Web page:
Response to human rights matters 'woefully inadequate'
The Australian legal community has been urged to come together following intense scrutiny from other jurisdictions over the nation’s responses to human rights issues.
According to Australian Lawyers for Human Rights (ALHR), human rights in Australia have never been under greater threat and as such we have received great disapproval from other countries that are more focused on the issue.
“The protection of human rights is now at a very low point in Australian history,” said ALHR president Benedict Coyne.
“Our government has received unprecedented and ongoing severe criticism from the international community for its failure to uphold even the most basic human rights standards.
“Tumultuous world events have led to a surge in the number of people seeking asylum, unprecedented escalated national security measures, including unparalleled surveillance, and an alarming normalisation of hate speech.”
Mr Coyne noted Australia’s treatment of vulnerable participants in the criminal justice system is under the spotlight, as is its failure to address human rights issues faced by Indigenous Australians.
“The often woefully inadequate responses by our government to these challenges have led to serious human rights violations. This is more than just alarming. It is unconscionable,” he said.
“By putting forward Australia's candidacy for a seat on the United Nations Human Rights Council, the federal government effectively promises to promote human rights and champion the rights of marginalised people overseas. Ironically, we are the only Western democracy without the protection of some form of a bill of rights or legislative human rights act at the federal level.
“We rely on the good faith of our parliamentarians to protect us, rather than the protection of law to guarantee our human rights. Too many times a blind faith in the Parliament has led to human rights violations against the Australian people by the governments of Australia. This system all too often fails the most vulnerable to human rights abuses, with little recourse. This must end – Australians deserve and should demand legal protection of our basic human rights now in order to properly protect our democratic way of life.”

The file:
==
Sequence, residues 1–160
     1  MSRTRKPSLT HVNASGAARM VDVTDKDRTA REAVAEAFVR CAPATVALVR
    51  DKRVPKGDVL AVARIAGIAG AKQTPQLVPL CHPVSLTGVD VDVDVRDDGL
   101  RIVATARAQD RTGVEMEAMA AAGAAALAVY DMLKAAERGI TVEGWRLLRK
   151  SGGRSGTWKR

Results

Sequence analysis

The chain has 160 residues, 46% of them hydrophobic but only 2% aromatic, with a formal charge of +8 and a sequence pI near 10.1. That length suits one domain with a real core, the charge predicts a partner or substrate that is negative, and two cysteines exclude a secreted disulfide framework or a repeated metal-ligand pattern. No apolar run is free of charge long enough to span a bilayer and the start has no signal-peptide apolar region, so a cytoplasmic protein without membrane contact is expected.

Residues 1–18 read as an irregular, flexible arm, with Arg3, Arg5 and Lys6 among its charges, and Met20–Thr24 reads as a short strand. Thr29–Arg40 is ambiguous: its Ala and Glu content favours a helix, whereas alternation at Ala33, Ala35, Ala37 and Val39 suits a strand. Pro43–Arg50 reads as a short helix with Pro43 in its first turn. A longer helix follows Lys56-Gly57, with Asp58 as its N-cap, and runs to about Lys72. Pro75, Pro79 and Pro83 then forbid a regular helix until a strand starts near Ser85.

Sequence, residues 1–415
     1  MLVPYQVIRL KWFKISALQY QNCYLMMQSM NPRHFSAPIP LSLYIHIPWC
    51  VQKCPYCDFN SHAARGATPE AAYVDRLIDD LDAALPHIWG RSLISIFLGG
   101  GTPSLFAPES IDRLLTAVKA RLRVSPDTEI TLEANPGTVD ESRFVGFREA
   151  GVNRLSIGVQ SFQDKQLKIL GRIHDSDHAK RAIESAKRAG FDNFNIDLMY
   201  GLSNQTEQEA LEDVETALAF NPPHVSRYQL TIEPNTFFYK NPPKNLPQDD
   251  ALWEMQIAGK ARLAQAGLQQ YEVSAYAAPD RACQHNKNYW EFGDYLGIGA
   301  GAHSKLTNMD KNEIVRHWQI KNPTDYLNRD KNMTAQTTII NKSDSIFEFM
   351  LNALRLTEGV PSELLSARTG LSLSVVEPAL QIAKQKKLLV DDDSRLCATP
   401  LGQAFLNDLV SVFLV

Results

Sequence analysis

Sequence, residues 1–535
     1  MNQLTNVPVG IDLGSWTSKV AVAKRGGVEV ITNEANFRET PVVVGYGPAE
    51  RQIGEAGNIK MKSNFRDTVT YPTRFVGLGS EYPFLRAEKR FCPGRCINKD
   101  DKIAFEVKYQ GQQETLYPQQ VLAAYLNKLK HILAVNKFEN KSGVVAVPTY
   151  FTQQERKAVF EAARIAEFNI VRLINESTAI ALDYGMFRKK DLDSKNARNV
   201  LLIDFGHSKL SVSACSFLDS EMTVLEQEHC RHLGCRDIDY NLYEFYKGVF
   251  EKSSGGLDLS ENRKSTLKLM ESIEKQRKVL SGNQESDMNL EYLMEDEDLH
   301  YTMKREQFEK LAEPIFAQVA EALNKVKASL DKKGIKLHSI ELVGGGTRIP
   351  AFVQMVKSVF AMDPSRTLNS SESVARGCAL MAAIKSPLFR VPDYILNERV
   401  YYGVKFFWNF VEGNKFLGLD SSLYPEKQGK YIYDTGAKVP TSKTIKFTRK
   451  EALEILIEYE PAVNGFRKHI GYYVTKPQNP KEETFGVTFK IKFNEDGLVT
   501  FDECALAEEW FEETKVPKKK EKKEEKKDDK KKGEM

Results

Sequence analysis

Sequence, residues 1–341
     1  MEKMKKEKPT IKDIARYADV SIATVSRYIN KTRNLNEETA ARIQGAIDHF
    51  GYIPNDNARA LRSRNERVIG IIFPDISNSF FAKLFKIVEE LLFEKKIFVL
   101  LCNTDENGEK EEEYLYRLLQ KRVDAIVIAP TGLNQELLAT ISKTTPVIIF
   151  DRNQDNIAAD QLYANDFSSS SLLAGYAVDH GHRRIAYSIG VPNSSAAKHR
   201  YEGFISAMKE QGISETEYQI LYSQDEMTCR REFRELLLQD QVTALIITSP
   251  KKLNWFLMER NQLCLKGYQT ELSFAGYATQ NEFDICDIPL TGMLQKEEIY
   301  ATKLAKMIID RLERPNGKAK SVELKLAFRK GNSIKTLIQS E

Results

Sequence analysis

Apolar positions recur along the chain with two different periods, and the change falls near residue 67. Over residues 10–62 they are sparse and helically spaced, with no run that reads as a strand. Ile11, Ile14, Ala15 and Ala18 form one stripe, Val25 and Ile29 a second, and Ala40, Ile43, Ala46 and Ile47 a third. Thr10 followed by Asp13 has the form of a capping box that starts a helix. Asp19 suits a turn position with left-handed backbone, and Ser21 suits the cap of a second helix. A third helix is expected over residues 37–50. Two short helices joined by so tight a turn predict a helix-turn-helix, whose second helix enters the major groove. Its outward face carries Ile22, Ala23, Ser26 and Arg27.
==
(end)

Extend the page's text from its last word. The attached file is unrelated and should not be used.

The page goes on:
In an attempt to address the issue, ALHR, in partnership with La Trobe University’s Law School, will hold a two-day national conference from 17 February.
The conference will focus on improving human rights protection in the country, bringing together leaders in the legal, academic, business and community sectors.
“The legal community is one of the best-placed sectors to champion these serious challenges to democracy and democratic institutions. The ALHR National Human Rights Conference will bring together some of Australia’s most prominent human rights advocates to examine topical issues such as our treatment of refugees, disability rights, violence against women and freedom of speech,” Mr Coyne said.
“We must urgently, prudently plan strategic pathways toward improving human rights protections in Australia for the wellbeing of our families, our friends, our fellow Aussies and future generations.
“This is a must-attend event for all lawyers, advocates and champions of human rights practising in Australia or internationally.”